Name: Methylnaltrexone Tablets
- Methylnaltrexone Tablets tablet
- Methylnaltrexone Tablets drug
- Methylnaltrexone Tablets drugs like
- Methylnaltrexone Tablets missed dose
- Methylnaltrexone Tablets side effects
What do I need to tell my doctor BEFORE I take Methylnaltrexone Tablets?
- If you have an allergy to methylnaltrexone or any other part of this medicine (methylnaltrexone tablets).
- If you are allergic to any drugs like this one, any other drugs, foods, or other substances. Tell your doctor about the allergy and what signs you had, like rash; hives; itching; shortness of breath; wheezing; cough; swelling of face, lips, tongue, or throat; or any other signs.
- If you have ever had bowel block.
- If you are taking or will be taking another drug like this one.
- If you are breast-feeding. Do not breast-feed while you take this medicine.
This is not a list of all drugs or health problems that interact with this medicine (methylnaltrexone tablets).
Tell your doctor and pharmacist about all of your drugs (prescription or OTC, natural products, vitamins) and health problems. You must check to make sure that it is safe for you to take this medicine with all of your drugs and health problems. Do not start, stop, or change the dose of any drug without checking with your doctor.
How is this medicine (Methylnaltrexone Tablets) best taken?
Use this medicine (methylnaltrexone tablets) as ordered by your doctor. Read all information given to you. Follow all instructions closely.
- Take on an empty stomach. Take at least 30 minutes before the first meal of the day.
- Take with a full glass of water.
What do I do if I miss a dose?
- Take a missed dose as soon as you think about it.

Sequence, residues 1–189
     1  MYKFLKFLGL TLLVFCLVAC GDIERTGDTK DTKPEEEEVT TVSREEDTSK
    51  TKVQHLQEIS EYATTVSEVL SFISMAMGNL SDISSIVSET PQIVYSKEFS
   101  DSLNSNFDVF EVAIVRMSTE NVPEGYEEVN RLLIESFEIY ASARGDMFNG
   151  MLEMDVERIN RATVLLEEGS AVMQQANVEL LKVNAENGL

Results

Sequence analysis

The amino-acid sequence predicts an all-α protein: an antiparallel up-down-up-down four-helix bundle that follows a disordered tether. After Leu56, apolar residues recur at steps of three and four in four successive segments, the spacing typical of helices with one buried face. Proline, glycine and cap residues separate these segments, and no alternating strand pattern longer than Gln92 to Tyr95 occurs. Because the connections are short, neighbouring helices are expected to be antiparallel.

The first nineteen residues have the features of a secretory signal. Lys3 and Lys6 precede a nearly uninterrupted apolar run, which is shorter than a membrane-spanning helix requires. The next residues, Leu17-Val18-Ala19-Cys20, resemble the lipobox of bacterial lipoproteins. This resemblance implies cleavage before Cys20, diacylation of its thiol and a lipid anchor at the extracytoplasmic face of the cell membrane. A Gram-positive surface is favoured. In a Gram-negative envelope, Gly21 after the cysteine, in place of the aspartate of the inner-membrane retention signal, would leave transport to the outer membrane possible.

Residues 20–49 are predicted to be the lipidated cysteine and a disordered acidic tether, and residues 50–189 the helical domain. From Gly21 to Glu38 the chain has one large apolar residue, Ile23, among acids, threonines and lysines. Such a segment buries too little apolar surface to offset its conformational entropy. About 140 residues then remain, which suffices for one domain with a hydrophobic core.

- If it is close to the time for your next dose, skip the missed dose and go back to your normal time.
- Do not take 2 doses at the same time or extra doses.
What are some side effects that I need to call my doctor about right away?
WARNING/CAUTION: Even though it may be rare, some people may have very bad and sometimes deadly side effects when taking a drug. Tell your doctor or get medical help right away if you have any of the following signs or symptoms that may be related to a very bad side effect:
- Signs of an allergic reaction, like rash; hives; itching; red, swollen, blistered, or peeling skin with or without fever; wheezing; tightness in the chest or throat; trouble breathing or talking; unusual hoarseness; or swelling of the mouth, face, lips, tongue, or throat.
- Very loose stools (diarrhea).
- Loose stools (diarrhea) that will not go away.
- Tears in the stomach or bowel wall have happened in certain people taking this medicine. Call your doctor right away if you have swelling or pain in your stomach that is very bad, gets worse, or does not go away. Call your doctor right away if you throw up blood or have throw up that looks like coffee grounds; upset stomach or throwing up that does not go away; or black, tarry, or bloody stools.
How do I store and/or throw out Methylnaltrexone Tablets?
- Store at room temperature.
- Store in a dry place. Do not store in a bathroom.
- Keep all drugs in a safe place. Keep all drugs out of the reach of children and pets.
- Check with your pharmacist about how to throw out unused drugs.
- Store in the original container. Do not take out the antimoisture cube or packet.
Consumer Information Use and Disclaimer
- If your symptoms or health problems do not get better or if they become worse, call your doctor.
- Do not share your drugs with others and do not take anyone else's drugs.
- Keep a list of all your drugs (prescription, natural products, vitamins, OTC) with you. Give this list to your doctor.
- Talk with the doctor before starting any new drug, including prescription or OTC, natural products, or vitamins.
- This medicine comes with an extra patient fact sheet called a Medication Guide. Read it with care. Read it again each time this medicine (methylnaltrexone tablets) is refilled. If you have any questions about this medicine, please talk with the doctor, pharmacist, or other health care provider.
- If you think there has been an overdose, call your poison control center or get medical care right away. Be ready to tell or show what was taken, how much, and when it happened.
Review Date: October 4, 2017